If you were asked to choose one area to improve with your cycling there's little chance you would choose nutrition. The most common reason cyclists don't correlate food with improved performance is because they don't actually alter their diet to suit physical activity. Most cyclists simply maintain their old diet and add cycling to the mix - the rest is a haphazard concoction of high sugar supplements, little hydration, and too much protein.
If you plan on cycling regularly it is worthwhile to alter your diet to be better suited to the extra activity. We can't possibly go into every aspect of nutrition in one short article, but here are some hints to head you in the right direction. This doesn't require you to change your ENTIRE diet; it is just a matter of fine tuning it around your riding.
THE SUPPLEMENT MARKET
Before we get started on what to eat, let's take a look at what is best avoided - unless in special circumstances.
Supplements in sport are heavily marketed as good sources of protein, amino acids, glucose, magnesium and a whole bunch of 'special ingredients' from ginseng through to guarana. But what you aren't told is that these supplements serve a specific purpose - to boost performance on top of an already solid diet. Far too many cyclists head out for a ride on an empty stomach and then assume that slamming two gels and a bottle of hydration is going to get them to the finish line.
Supplements are very useful during endurance sports, mainly for any stressful activity exceeding 1 hour in duration. However the focus of this article is getting your nutritional foundation in place first, before looking for that extra boost.
If you wanted to really maximise your performance, you'd have to change your entire diet. From Monday to Sunday you'd be eating like a future Olympian, but we know that just doesn't work in the real world. If you've ever worked a 5 day week, you'll know what we mean. Salmon salads and 45 grams of almond kernels for breakfast is pretty unrealistic for most people, especially when the kids are late for school, you've been working overtime, and you just happen to have a normal life. So to keep it real, we're looking at food to eat immediately before, during, and after your ride.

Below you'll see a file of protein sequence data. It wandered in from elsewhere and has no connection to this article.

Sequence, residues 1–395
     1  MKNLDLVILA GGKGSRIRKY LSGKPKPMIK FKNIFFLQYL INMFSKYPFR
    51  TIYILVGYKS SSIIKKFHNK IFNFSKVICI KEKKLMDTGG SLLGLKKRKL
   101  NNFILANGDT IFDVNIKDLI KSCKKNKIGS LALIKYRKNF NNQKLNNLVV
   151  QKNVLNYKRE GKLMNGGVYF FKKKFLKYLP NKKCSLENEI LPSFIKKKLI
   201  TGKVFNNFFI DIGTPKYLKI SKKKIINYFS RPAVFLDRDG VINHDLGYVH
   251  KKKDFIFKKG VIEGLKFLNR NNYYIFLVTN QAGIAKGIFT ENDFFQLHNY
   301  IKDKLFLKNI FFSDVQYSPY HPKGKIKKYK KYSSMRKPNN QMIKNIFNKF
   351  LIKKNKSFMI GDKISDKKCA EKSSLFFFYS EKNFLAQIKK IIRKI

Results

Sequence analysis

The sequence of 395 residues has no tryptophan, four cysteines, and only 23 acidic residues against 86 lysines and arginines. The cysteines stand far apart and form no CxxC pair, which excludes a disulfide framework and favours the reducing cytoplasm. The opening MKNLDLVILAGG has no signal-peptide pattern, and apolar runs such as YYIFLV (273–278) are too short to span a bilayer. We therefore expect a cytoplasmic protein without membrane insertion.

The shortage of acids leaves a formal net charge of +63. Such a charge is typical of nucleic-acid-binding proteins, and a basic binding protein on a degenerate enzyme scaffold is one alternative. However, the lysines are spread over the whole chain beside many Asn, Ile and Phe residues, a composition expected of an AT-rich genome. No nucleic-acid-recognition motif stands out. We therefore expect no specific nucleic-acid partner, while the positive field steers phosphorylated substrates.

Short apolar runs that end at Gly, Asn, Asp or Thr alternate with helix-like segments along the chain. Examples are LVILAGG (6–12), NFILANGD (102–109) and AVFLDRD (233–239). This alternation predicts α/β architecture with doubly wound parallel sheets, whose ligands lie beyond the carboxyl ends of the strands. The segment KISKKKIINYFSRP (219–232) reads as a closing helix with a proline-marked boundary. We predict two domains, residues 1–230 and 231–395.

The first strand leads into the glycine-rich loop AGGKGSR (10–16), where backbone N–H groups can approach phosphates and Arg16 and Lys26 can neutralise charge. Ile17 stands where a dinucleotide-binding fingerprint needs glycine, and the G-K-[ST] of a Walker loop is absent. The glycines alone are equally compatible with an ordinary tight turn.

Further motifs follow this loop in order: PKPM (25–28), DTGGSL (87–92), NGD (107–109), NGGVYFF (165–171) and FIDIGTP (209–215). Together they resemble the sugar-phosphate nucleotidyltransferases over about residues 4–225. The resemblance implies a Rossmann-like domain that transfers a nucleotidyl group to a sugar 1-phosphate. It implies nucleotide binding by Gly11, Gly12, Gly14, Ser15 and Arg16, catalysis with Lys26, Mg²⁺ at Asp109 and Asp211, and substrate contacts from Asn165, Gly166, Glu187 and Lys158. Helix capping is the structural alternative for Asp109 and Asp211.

If you want to nail that 'Food Foundation' you could pop in to your local nutritionist, ditch the beer and wine, and start drinking almond milk. Alternatively, just replace an overload of bread and pasta with fresh vegies and natural food.
With such a hectic schedule, you'll only know if you're riding when you wake up in the morning, so let's start your eating plan from then - breakfast time.
For breakfast on the morning of a ride you'll want to have something substantial. Eating a decent quantity of food 1-2 hours before you ride, (as is regarded as best practise), is impractical if the guys are meeting you at 5:00 in the morning. If you can manage, try eating a good breakfast of whole grain cereals, porridge, fruit or the like - something with a high nutritional value is best, so ditch the sugary supermarket cereals in a box!
During the ride, it is best to have one piece of food for every hour you ride. Drinking is also important, so take constant small drinks every 10 minutes or so - whether it's water or electrolyte hydration drink. (Which is best relates to the distance and intensity of your ride).
After the ride, you should be looking at recovery, so again reach for something to drink. In this instance, a supplement drink powder is very handy to help replace lost salts through sweating.
It will be hard to eat a full lunch, so maybe hang back on the meal for 30-60 minutes, which is enough time for a shower and a recovery drink.
Lunch after a decent ride should consist of low GI foods such as whole grains, proteins and greens. You're not a future Olympian and probably aren't too dedicated to the cause, so to keep it real and aim for something like a boiled potato with coleslaw and mince for lunch - plenty of protein, carbs and low GI goodness. If you're away from home, why not buy a BLT on wholemeal bread? Yum yum.
MEALS ON WHEELS
- BREAKFAST: Muesli with yoghurt and fruit.
This contains some protein, fruit sugars and low GI energy sources through high fibre eating.
- RIDING: One piece of fruit and two muesli bars or similar. Maybe a banana and two bars. Three pieces of food equals three hours of being away from home - not just three hours of actually pedaling. Plan ahead!
Have two bottles on you, and choose between water and hydration substitute. Or just have one of each.
- RECOVERY: Stick to low GI foods and at least one source of protein. As said before, a boiled potato, coleslaw and mince gives you most of what you need. Try to incorporate wholegrain bread, greens and protein into one meal, it's not too difficult.
As you can see, it's pretty easy to have a realistic approach to nutrition while you ride. The rest of your diet is up to you, and is greatly affected by circumstances. Try changing your riding food before you change your whole diet, just so you can nail one thing before you tackle another!